Special Olympics World Games executives on Nov. 30 presented UCLA Chancellor Gene Block with a commemorative torch to thank the campus for hosting athletes and events last summer.
The 2015 Special Olympics World Games brought athletes and their families from around the world to UCLA. Some of our favorite moments.
UCLA Health has been providing all the staff, materials and supplies to run the Special Olympics Polyclinic since July 24 to offer free medical care to any athlete or delegate who becomes injured.
Foster youth in UCLA First Star Bruin Guardian Scholars Academy helps lead effort to outfit Haitian soccer team at Special Olympics World Games.
For the first time in Special Olympics World Games history, cheers are ringing out from the sidelines as 225 cheerleaders from around the country converge to be part of Cheer for LA2015.
The UCLA Volunteer Center, which is coordinating Team UCLA’s efforts campuswide, estimates that nearly 1,000 Bruin students, faculty, staff, alumni and supporters are lending their time and talents to make the games a rousing success.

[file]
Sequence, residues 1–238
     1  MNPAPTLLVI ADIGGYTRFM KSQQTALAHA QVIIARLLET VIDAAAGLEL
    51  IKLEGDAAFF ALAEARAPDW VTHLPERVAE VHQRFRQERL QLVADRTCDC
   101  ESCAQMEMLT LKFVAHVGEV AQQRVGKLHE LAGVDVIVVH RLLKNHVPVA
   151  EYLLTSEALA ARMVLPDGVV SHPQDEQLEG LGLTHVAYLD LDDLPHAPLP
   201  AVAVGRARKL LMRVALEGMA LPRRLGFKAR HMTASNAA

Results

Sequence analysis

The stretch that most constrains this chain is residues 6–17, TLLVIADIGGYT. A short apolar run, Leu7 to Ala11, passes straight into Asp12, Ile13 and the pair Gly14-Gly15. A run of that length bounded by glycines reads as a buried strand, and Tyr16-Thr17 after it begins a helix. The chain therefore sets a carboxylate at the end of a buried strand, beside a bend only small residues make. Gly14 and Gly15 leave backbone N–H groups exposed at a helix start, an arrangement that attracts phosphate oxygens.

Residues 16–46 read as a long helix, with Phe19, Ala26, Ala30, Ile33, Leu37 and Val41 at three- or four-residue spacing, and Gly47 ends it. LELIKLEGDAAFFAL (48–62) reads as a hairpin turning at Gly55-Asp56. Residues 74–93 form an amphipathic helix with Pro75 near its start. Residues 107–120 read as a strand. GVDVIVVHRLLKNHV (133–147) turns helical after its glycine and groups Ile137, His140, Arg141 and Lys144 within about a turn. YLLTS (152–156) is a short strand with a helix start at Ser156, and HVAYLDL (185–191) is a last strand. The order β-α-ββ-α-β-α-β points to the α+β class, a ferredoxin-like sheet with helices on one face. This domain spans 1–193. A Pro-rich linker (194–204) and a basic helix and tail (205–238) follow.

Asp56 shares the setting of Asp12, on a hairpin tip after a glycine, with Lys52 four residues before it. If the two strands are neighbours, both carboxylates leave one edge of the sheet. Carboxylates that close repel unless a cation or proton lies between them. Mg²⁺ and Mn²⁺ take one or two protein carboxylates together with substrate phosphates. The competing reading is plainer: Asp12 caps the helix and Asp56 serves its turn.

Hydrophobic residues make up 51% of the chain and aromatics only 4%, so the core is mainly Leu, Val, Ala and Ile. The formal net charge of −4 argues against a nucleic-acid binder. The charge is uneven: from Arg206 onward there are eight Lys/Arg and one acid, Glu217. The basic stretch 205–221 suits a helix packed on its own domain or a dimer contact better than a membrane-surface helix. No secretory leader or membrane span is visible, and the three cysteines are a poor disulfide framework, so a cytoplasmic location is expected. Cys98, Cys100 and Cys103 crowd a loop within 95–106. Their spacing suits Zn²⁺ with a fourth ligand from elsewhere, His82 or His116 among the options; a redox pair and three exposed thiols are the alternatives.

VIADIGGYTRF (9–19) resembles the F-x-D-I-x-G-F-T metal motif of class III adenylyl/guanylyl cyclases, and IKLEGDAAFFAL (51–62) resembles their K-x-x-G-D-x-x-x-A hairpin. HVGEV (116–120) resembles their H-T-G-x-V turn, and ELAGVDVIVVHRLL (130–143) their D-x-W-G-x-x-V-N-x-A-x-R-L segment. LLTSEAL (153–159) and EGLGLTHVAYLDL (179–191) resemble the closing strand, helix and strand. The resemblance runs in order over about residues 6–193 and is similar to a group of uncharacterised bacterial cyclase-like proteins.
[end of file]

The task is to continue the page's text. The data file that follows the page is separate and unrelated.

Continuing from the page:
Caley Versfelt, a Special Olympics World Games global messenger, has gained a lot of self-confidence and important skills through Special Olympics and several UCLA programs geared toward people with intellectual and developmental disabilities.
In the 47 years since Johnson helped found the games, the most important change has been in attitudes toward people with intellectual disabilities.
The final leg of the 2015 Law Enforcement Torch Run for Special Olympics hit Westwood Thursday afternoon.
Here are just some of the ways the UCLA community has been part of Special Olympics since the beginning.
More than 100 UCLA Health employees will be staffing two clinics to ensure the health and well-being of spectators, Olympians, their coaches and chaperones.
The 2015 Special Olympics World Games are ready to take center stage at UCLA.